Like those belonging to pretty much everyone else, the electronics devices and gadgets I rely on occasionally run out of juice. I forget to charge my phone. Or my smart watch. I misjudge how long my laptop has been running untethered, and now I’m finding that I’m running on empty. Sure, it’s not as terrible as realizing that the gas gauge is telling you that you have 32 miles left in the tank – and passing a sign on the highway informing you that the next rest stop is 34 miles away. Which means pulling off the highway near some pokey town – when all you want to do is get home! No, charging those devices tends to be a pretty quick and painless fix. Annoying when the battery runs out, but generally a problem that’s easy enough to remedy.
This is true for personal devices, and to a slightly lesser extent true for devices used in commercial or industrial settings. But there are some situations in which the devices are deployed in an environment where it’s not so simple to recharge or replace their sensors when the batteries start to fade. Think of, say, the security perimeter around a large energy, agricultural or military installation that’s remote and isolated.
Here, drones may be coming to the rescue.
In a recent Spectrum/IEEE article, writer Michelle Hampton discusses a system through which drones in flight can recharge sensors:
A new system is designed to make the charging process easier by using unmanned aerial vehicles (UAVs) to deliver power using radio waves during a flyby. A specialized antenna on the sensor harvests the signals and converts them into electricity.
The researchers behind this, including Joseph Contantine and others at American University of Beirut, were looking at using radio frequency ways for recharging sensors, but they were facing a significant challenge in terms of getting close enough to the sensor to give it a good charge. The answer they came up with was the UAV, which can get up close and personal with a sensor, hovering right above it, and following “an optimized trajectory that maximizes energy transfer.”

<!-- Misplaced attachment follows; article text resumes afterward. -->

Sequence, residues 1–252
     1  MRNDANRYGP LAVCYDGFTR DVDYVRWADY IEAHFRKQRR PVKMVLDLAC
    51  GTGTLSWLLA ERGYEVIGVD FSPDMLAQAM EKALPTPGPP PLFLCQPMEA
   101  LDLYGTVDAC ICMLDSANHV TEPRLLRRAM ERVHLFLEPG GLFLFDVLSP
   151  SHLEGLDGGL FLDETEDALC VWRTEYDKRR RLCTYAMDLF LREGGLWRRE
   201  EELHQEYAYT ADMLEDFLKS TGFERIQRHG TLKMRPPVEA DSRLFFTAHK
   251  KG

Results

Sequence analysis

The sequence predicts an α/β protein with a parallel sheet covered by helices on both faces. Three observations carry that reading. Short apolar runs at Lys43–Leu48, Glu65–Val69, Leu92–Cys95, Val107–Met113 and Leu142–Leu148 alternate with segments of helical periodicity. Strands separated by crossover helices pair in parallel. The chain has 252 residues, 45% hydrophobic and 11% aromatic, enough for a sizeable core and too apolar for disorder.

In the proposed approach, a UAV transmits radio frequencies to each sensor, which has an antenna for detecting the signals. The signals are then conveyed to a rectifier, which converts the signals into electricity. This power can be used to charge the sensor and/or activate it.
The UAV can also selectively target sensors.
The UAV supports both charging and wakeup (which can be done at a greater distance: 27.5 meters, as opposed to a distance of 1.2 meters when charging is involved.
Now, the team is working to develop a load-independent rectenna (antenna and rectifier) that maintains high efficiency across a wide range of loads and frequencies.
This solution would be overkill, but I have to admit I’m getting a kick out of imagining a drone flying around my house, stopping to charge the batteries in all the devices I somehow forgot to plug in to the charger!